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June 2010

Santa Barbara Summer Solstice Parade 2010 - Charlie and Lily Join the Parade

Solstice 1

Every summer - the month of June, specifically - brings a high, soft gloom of fog to Santa Barbara.   It is a cool  gray buffer between us and the sun, known as "June Gloom".  It is a meteorological reality here.  It paints a diffuse vellum softness over the city for an entire month.

It arrives, without fail, because the nearby Santa Ynez Valley is already arid and hot.   The hills that were so recently green and lush after spring rains,  have dried to a high gold.  They are punctuated with large, leaning oaks crowned with dense green-black leaves. 

The early summer inland heat causes a phenomenon that pulls an eiderdown of fog from the surface of the Pacific, to huddle over this portion of the California coastline until July.  

There are days that the sun does not appear at all in Santa Barbara.  There are days that are cool and gray until sunset, when just a thin stripe of sky at the horizon reveals a fiery orange sun slipping into the blue ink of the sea.   Some days, the fog kinda  lifts at about noon, with lingering tufts that cling to the edges of the sky.

It is in the official season of  "Gloom" that we celebrate the Santa Barbara Summer Solstice Parade.   By Summer Solstice, we are a like city of  pagans who have  survived another long, dull winter, deprived of the  light, warmth, color, celebrations - the very staff of life - music, dance, and motion.    We want friends, food and wine, laughter and comedy and flowers and noise and we want it in very great amounts.   It's a contagious state of being.

That is why you will find thousands of Santa Barbarans and visitors lining State Street waiting anxiously for the opulent show. 

Solstice 4

For many weeks and months, designers and artists and costumers have dedicated themselves, through talent and some sorcery, to creating this event.

Solstice 17

And today, on Summer Solstice, everyone is ready - the actors and the audience - the players and the spectators - the beholders and the beheld.

What is one, without the other?

Solstice 41

I am eager, too, for the event.  I always arrive early, at the crossroads of State and Cota Streets.  I watch the pageant unfold.   Costumed revelers begin to gather.  They come from every direction - an Elvis, a teapot, a dragon....

Solstice 25

drummers and dancers, wizards and gypsies....they fill the morning with their color, their energy, their enthusiasm.

Solstice 23

I like to watch grids and networks of drummers who lasso us with long, loud, rhythmic tattoos; beautiful ladies, who, with a practiced step and a shy downward glance,  capture the audience; I like the artists who put finishing touches on their exotic imaginary kingdoms and invite us to imagine it, too....and finally, we are ready.  Ready to dispel the fog, ready to draw down the sun, ready, so ready for summer.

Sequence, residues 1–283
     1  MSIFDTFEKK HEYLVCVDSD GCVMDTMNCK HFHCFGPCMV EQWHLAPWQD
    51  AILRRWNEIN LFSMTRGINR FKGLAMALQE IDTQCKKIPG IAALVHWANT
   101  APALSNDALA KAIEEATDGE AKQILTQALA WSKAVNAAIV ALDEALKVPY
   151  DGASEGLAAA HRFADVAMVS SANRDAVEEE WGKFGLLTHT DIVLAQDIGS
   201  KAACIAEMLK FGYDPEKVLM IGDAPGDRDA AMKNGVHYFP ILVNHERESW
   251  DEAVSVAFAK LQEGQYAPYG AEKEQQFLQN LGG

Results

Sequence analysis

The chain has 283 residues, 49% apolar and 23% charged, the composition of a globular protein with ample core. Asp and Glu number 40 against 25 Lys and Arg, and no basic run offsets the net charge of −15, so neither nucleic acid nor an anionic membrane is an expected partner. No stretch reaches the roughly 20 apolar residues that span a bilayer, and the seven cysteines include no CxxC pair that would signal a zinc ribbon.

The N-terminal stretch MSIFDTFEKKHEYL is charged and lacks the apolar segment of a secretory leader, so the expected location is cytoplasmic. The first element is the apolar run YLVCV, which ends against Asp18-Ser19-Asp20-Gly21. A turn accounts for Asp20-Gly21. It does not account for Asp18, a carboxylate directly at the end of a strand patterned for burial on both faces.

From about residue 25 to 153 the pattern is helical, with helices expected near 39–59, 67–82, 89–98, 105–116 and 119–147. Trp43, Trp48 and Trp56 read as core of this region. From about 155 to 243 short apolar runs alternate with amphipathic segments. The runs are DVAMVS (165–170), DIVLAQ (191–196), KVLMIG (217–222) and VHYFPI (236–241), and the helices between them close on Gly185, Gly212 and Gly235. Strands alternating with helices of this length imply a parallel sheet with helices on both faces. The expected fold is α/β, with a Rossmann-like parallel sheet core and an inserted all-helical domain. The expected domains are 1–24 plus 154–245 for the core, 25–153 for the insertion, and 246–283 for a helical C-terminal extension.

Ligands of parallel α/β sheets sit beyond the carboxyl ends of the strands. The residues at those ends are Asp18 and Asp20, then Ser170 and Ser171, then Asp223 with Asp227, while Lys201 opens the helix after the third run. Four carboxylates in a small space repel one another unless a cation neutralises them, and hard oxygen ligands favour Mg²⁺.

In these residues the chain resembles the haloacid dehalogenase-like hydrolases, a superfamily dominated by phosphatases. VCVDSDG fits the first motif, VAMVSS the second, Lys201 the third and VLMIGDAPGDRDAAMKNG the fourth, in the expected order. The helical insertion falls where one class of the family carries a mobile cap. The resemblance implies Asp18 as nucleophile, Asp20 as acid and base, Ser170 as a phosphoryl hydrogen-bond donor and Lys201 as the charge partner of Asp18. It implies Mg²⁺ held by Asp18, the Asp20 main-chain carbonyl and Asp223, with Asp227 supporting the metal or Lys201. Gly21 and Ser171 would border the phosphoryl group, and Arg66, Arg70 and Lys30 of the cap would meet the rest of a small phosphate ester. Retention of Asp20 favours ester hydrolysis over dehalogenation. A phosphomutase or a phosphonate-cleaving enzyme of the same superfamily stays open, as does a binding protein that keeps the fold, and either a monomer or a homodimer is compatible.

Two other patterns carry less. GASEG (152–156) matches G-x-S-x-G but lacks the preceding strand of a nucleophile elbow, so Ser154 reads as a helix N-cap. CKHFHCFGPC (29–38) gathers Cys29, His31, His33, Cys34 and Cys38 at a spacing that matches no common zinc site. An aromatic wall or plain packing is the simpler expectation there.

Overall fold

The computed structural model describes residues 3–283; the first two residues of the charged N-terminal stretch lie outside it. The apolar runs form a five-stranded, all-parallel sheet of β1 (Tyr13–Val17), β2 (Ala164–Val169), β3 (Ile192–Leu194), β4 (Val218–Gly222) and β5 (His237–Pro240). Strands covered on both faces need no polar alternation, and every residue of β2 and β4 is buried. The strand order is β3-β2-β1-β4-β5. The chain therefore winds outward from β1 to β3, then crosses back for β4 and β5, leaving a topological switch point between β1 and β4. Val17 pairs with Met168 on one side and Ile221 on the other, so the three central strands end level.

Solstice 38

We all feel the pull of young summer - the growing season - a time of lightness and play and heat - from the oldest among us to the very young. 

Solstice 36

We are ready to usher the season by entering a dreamworld that will last but one afternoon.

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And I especially love the kids.  They are not perfect at anything, yet. 

But they already know - they are everything. 

Solstice 30

They wield their creativity  with abandon, and certainty, and pride.

Solstice 29

They step in to the make-believe world with authority, and allow us to peek in, too. 

Solstice 34

This year, I met Charlie and Lily, who, at the last moment, made a spontaneous and joyful creative move - they decided that morning to join the parade.  

It is never too late to join the Summer Solstice Parade.  

Solstice Charlie

Charlie and Lily found a box, and got out their crayons.  They cut and colored, glittered and glammed up the cardboard box.  They drew hearts on it, and wrote their names, and made it into a magical conveyance.  Then, they filled it with candy.  Charlie put on bright clothing and stickers, Lily donned a princess dress; mom painted their faces.  They brought all of their magic with them to State Street.

Solstice Lily

And finally, at High Noon, it was Showtime.

Solstice 19

The arc of balloons and the first floats began to move northward along State Street.   Slowly, the gray fog began to lift.   

Solstice 6

There were dancers followed by boys on unicycles, and a pretty girl on tall stilts....

Solstice 7

There was a movable Alice's Wonderland, complete with flamingos and a Red Queen....

Solstice 11

flags and banners, laughter and clapping and drums and drums and dancing.

Solstice 13

Sunlight splashed in the street, rippling rainbows flung out from sequins and colored glass.

Solstice 21

There were imaginary animals, lyrical blue cellophane waves, feathers, tambourines, flowers,

Solstice 15

and music that  ricocheted from the white adobe walls along State Street.

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And then,  there they were....Charlie and Lily,  in the middle of the parade, the middle of the day, the middle of the celebration.

They didn't need any special preparation or planning, just a moment's notice of joy....they were ready.

Solstice 14

It was just a really great day.  But for me, the best part of all, was  Charlie and Lily....

Solstice 18